Complementary and Alternative Options for Treating Osteoarthritis

Here's a brief rundown on nontraditional alternative treatments for osteoarthritis.

New research1 is looking at alternative medicines for treating osteoarthritis. This means we should soon have better information about nontraditional remedies. In the meantime, here’s a brief rundown of what we know now.


Yoga is an ancient Indian exercise and breathing technique. It has been proven to:

  • Improve breathing
  • Strengthen muscles
  • Improve flexibility, mobility, and stability

Yoga is also very good for reducing stress.

Tai chi

This is an ancient Chinese exercise program. It can provide benefits like yoga. Tai chi has become popular in the United States. It is recommended2 for people with knee, but not hip osteoarthritis. It is good for balance and preventing falls.


Research has shown that hydrotherapy is helpful for people with osteoarthritis. It includes whirlpools, heated pools, and mineral baths.


Acupuncture has been used for centuries by the Chinese.

  • Practitioners insert metallic needles in specific points in the body.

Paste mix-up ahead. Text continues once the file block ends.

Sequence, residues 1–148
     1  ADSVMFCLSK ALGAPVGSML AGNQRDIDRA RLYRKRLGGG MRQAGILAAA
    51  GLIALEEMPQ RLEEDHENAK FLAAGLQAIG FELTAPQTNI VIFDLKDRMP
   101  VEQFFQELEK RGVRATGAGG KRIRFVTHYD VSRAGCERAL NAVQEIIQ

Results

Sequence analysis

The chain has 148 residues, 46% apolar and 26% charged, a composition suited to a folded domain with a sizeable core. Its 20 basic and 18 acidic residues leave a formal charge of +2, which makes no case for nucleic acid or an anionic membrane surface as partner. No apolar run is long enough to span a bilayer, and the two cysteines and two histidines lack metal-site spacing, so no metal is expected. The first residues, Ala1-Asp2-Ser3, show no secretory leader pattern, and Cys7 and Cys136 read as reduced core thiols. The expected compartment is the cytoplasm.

• Several studies suggest that acupuncture is a good way to treat osteoarthritis pain.

Research3 shows that acupuncture combined with medicine may help reduce pain in people with knee osteoarthritis. It also may improve knee function. However, not everyone agrees with this finding4. Some doctors argue that there is still not enough evidence to support acupuncture.

It is not a good choice of treatment for people who have bleeding disorders or take blood thinners. Disposable acupuncture needles or sterilization of acupuncture needles is very important. That is because unsterilized needles can lead to serious infections. These infections can include HIV and hepatitis. It is important to select a practitioner who is certified by a national accrediting organization5.

Mind-body interventions

Examples of mind-body interventions:

  • Meditation
  • Prayer
  • Creative therapies using art, music, and dance

Some other interventions have become mainstream medical approaches to osteoarthritis, including:

  • Support groups
  • Cognitive behavioral therapy

Massage and other manipulation methods

Massages help relax the muscles, promoting relaxation.

Electromagnetic field therapy

This therapy uses electricity to stimulate the joints to reduce symptoms.

  • Some studies show that this works better than a placebo.
  • It should not be used if you have a pacemaker or similar implanted device. The electromagnetic field could interfere with them.

If you are interested in these types of treatments for managing arthritis, ask your doctor to recommend an experienced and licensed practitioner.



  1. The National Center for Complementary and Integrative Health (NCCIH)
  2. American College of Rheumatology
  3. The National Center for Complementary and Integrative Health (NCCIH)
  4. American Academy of Orthopaedic Surgeons
  5. American Academy of Medical Acupuncture or National Certification Commission for Acupuncture and Oriental Medicine